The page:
The Indiana World War Memorial Plaza is located in Indianapolis, originally built to honor the veterans of World War I. The five-city-block plaza was originally conceived in 1919 as a location for the national headquarters of the American Legion and a memorial to veterans. At the north end of the plaza is the American Legion Mall, which is the site of the administration buildings of the Legion, as well as a memorial cenotaph. South of that is the Veterans Memorial Plaza with its obelisk.
The centerpiece of the plaza is the Indiana World War Memorial which was modeled after the Mausoleum of Halicarnassus. Inside the memorial are the military museum, the Shrine Room, and an auditorium. At the south end is University Park, the oldest part of the plaza, filled with statues and a fountain. On October 11, 1994, the Indiana World War Memorial Plaza was designated a National Historic Landmark District.
Architects Walker and Weeks planned the Indiana World War Memorial Building as the plaza’s centerpiece, sitting between the federal building and the public library. Work on the actual memorial to the veterans of World War I began in early 1926. General John Pershing laid the cornerstone of the memorial on July 4, 1927, saying he was “consecrating the edifice as a patriotic shrine”. Funding problems in 1928 slowed the building of the interior. Even a new contractor in 1931 and $195,000 provided by the Public Works Administration in 1936 did little to speed the process of completing the structure. Although its interior was incomplete, it was dedicated on November 11, 1933 (Veterans Day) by Governor Paul McNutt and Lt. Gen. Hugh Drum, Deputy Chief of Staff of the United States Army.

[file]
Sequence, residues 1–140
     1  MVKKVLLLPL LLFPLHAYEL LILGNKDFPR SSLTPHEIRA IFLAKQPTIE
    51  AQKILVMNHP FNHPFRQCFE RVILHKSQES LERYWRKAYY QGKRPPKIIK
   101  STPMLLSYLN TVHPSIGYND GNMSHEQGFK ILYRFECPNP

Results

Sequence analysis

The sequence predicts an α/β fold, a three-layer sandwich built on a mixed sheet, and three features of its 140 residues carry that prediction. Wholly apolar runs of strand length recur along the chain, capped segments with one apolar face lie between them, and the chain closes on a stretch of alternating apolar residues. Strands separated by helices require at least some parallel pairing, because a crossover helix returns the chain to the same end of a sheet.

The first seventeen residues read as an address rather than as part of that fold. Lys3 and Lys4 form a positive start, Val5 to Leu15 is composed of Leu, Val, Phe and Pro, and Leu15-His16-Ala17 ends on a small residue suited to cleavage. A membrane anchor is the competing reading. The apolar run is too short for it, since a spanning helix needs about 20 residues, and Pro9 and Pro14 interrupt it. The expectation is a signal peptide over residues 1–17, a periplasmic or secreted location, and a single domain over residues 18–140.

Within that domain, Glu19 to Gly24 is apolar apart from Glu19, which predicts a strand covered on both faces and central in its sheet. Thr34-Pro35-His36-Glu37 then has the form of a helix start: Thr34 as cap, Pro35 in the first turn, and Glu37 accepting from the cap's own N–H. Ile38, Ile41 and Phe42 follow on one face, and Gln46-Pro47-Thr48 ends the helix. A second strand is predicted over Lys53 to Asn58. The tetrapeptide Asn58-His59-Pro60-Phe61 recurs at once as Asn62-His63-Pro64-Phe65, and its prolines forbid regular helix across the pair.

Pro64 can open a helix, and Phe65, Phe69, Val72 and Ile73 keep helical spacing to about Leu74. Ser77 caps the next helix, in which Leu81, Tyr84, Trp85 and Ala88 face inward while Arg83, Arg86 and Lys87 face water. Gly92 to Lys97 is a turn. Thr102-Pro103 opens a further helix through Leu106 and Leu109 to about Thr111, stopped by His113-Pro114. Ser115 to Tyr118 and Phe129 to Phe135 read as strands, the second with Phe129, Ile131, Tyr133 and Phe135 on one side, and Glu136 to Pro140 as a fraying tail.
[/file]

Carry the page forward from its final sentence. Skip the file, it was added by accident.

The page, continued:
The memorial’s design is based upon the Mausoleum of Halicarnassus, which was one of the Seven Wonders of the World. At 210 feet tall it is approximately 75 feet taller than the original Mausoleum. The blue lights which shine between columns on the side of the War Memorial make the monument easily recognizable. It is the most imposing Neoclassical structure in Indianapolis due to its scale and size.
The cubical structure is clad in unrelieved ashlar Indiana limestone on a high, lightly rusticated base, and is topped with a low pyramidal roof that sheathes its interior dome. It stands on a raised terrace approached by a wide monumental staircase. The structure has four identical faces. On each face an Ionic screen of six columns, behind which are tall banks of windows, and is surmounted by symbolic standing figures designed by Henry Hering: Courage, Memory, Peace, Victory, Liberty, and Patriotism. The sculptures are repeated on each façade. On the south side, standing on a pink granite base in the center of the grand access stairs, is Hering’s colossal exultant male nude bronze Pro Patria (1929); it is 24 feet high, weighs seven tons, and was the largest cast bronze sculpture in the United States.
The north and south entrances are guarded by shield-bearing limestone lions, and on each corner of the terrace sits an urn. The pyramidal roof is stepped and has a lantern on top. Above the tall bronze doors on each side is the inscription “To vindicate the principles of peace and justice in the world.” On the north side is the building’s main inscription:
To commemorate the valor and sacrifice of the land, sea and air forces of the United States and all who rendered faithful and loyal service at home and overseas in the World War; to inculcate a true understanding and appreciation of the privileges of American citizenship; to inspire patriotism and respect for the laws to the end that peace may prevail, justice be administered, public order maintained and liberty perpetuated.